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These Are the 5 Happiest Food Service Jobs

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High stress. Low pay. Little to no job security. There's a reason that many of the food service occupations PayScale examined for its recent Restaurant Report rate poorly for job satisfaction or job meaning, or both. But that doesn't mean that everyone who works in the restaurant business hates their jobs. Here, we examine some of the job titles that reported being happier at work.

High stress. Low pay. Little to no job security. There’s a reason that many of the food service occupations PayScale examined for its recent Restaurant Report rate poorly for job satisfaction or job meaning, or both. But that doesn’t mean that everyone who works in the restaurant business hates their jobs. Here, we examine some of the job titles that reported being happier at work.

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(Photo Credit: Seattle Municipal Archives/Flickr)

For the purposes of our discussion here, we’ll look at the top jobs by satisfaction rating, and compare them to each title’s ratings for job meaning and stress — and typical pay:

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1. Banquet Captain

High Satisfaction: 71 percent

High Meaning: 52 percent

Low Stress: 25 percent

Typical Pay: $20.90/hour

2. Sous Chef

High Satisfaction: 66 percent

High Meaning: 48 percent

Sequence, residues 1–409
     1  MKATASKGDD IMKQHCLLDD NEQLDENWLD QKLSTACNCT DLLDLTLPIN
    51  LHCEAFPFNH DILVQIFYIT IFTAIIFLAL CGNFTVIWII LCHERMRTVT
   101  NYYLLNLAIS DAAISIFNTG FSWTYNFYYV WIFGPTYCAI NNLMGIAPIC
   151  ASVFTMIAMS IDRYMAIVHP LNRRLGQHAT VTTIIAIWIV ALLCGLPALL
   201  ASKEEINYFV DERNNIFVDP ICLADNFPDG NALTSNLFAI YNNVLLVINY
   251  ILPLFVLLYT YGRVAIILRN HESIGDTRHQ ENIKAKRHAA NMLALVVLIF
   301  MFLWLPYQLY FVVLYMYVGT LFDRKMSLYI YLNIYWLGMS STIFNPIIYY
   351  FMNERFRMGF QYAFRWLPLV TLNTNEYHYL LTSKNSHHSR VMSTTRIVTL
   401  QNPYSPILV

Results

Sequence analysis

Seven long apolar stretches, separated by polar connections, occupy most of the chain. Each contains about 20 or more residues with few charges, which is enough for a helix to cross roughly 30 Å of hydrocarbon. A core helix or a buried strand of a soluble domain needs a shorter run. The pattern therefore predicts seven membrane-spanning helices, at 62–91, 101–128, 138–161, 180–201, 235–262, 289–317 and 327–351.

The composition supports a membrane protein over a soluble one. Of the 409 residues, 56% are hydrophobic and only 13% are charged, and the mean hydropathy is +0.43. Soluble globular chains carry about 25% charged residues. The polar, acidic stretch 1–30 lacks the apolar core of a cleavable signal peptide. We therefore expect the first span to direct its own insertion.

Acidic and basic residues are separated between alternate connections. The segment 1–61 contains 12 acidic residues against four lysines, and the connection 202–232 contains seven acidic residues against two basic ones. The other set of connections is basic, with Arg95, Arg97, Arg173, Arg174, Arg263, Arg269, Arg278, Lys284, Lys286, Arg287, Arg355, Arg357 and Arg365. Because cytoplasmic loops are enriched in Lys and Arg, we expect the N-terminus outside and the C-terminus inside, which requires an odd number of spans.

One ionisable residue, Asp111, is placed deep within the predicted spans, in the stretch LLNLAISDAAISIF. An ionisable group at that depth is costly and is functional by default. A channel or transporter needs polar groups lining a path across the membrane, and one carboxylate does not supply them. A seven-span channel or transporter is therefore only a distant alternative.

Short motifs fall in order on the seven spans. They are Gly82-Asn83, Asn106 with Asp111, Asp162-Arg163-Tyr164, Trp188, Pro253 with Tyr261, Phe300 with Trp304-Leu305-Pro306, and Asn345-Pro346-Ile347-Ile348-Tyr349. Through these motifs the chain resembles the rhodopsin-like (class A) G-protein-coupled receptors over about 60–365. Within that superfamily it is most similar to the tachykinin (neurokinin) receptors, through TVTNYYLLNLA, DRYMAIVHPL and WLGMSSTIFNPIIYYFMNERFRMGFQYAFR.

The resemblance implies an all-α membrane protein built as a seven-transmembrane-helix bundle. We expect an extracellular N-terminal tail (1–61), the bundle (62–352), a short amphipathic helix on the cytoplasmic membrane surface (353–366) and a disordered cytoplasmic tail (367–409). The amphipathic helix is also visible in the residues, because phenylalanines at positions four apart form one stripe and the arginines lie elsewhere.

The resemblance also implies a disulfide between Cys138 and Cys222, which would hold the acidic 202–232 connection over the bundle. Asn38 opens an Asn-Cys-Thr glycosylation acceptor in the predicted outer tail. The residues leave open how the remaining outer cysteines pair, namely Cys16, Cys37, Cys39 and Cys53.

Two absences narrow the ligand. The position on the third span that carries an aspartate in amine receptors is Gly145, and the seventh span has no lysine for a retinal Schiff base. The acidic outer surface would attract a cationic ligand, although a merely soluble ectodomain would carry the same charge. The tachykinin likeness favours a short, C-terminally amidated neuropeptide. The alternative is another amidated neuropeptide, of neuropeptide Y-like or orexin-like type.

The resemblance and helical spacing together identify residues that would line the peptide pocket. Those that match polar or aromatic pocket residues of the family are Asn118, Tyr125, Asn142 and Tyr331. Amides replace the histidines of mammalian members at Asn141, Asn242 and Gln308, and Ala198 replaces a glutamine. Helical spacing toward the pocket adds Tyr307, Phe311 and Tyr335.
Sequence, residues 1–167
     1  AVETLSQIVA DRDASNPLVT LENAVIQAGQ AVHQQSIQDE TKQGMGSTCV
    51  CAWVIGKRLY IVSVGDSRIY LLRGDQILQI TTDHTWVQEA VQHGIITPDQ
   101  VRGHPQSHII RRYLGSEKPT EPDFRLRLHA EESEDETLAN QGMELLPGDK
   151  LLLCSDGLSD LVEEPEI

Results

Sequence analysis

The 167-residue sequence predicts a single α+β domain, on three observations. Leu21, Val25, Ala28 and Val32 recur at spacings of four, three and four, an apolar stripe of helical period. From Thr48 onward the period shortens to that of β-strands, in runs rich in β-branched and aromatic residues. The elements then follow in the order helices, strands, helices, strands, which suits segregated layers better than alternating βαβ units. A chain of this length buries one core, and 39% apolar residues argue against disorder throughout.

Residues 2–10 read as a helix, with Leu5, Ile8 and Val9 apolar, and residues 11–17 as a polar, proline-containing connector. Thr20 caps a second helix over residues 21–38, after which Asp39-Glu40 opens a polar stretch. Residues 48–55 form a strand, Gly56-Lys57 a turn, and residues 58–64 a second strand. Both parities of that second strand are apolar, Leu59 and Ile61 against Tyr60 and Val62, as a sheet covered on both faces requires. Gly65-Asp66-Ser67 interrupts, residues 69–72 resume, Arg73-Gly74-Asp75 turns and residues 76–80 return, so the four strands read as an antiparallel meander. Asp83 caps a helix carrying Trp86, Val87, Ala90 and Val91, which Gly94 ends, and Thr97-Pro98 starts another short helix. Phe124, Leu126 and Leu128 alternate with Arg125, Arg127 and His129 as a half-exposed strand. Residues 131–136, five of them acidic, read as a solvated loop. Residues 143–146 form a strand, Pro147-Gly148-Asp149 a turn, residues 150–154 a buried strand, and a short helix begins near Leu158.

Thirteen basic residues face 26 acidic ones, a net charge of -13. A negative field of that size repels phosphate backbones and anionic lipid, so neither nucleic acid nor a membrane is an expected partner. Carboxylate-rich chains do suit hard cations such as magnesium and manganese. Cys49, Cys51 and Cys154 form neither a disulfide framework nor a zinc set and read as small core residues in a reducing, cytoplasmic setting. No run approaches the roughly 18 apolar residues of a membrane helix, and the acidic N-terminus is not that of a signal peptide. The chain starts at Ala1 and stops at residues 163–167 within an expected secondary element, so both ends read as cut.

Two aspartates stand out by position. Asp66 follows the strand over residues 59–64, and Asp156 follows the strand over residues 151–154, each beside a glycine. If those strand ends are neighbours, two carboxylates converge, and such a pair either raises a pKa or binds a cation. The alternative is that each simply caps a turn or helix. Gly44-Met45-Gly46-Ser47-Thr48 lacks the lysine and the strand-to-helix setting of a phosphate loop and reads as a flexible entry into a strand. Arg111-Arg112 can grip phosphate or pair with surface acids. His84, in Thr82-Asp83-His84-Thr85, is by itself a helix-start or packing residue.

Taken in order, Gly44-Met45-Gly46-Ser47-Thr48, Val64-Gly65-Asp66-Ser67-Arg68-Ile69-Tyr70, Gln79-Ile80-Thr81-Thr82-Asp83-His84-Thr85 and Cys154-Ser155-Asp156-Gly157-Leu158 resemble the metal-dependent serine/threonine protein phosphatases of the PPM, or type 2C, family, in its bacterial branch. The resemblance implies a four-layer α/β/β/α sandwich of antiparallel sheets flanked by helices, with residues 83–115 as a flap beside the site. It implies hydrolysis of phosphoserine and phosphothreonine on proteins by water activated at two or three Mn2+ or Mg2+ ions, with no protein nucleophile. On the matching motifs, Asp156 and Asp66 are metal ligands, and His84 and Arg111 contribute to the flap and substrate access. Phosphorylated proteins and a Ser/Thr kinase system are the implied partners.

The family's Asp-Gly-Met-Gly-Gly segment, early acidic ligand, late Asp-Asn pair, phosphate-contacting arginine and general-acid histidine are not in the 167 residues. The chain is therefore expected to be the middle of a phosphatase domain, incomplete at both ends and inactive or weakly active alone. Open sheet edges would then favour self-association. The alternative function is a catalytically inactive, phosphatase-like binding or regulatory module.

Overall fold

Low Stress: 24 percent

Typical Pay: $14.10/hour

3. Assistant Restaurant Manager

High Satisfaction: 65 percent

High Meaning: 34 percent

Low Stress: 26 percent

Typical Pay: $12.80/hour

4. Head Chef

High Satisfaction: 62 percent

High Meaning: 53 percent

Low Stress: 25 percent

Typical Pay: $13.50/hour

5. Bartender

High Satisfaction: 60 percent

High Meaning: 31 percent

Low Stress: 41 percent

Typical Pay: $16.30/hour

What can we learn from this? Well, whoever said that the best things in life are free never worked in a restaurant. The five job titles that ranked highest for job satisfaction also made the top of the list for best-paid food service jobs. That dovetails with research that shows that emotional well-being does improve — at least until you reach a salary of $75,000 a year.

It’s worth mentioning, however, that none of the job titles in the report reach a median, average, or typical salary anywhere near that mark. Plus, it appears that there’s almost no such thing as a low-stress food service job. “Low stress” ratings hover around 25 percent for even the happiest food service jobs. That’s a pretty bad rating for jobs that may or may not offer full-time employment, health insurance, or paid time off if you need a mental health day to recover from the pressure. (Pause for food service workers who are reading this and laughing uproariously at the notion of either PTO or mental health days in general.)

Bottom line: food service is a high-pressure industry, even for the people who love it. And regardless of where you stand on the tip wage or minimum wage debate, one thing is clear: boosting pay would lead to happier workers in the jobs that keep us fed when we’re away from our own kitchens.

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Jen Hubley Luckwaldt
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Wow@ today i knew the very real post like These Are the 5 Happiest Food Service Jobs. Wonderful information indeed. The five job titles that ranked highest for job satisfaction also made the top of the list for best-paid food service jobs ever. Thanks a lot from http://www.jobsinglobe.com

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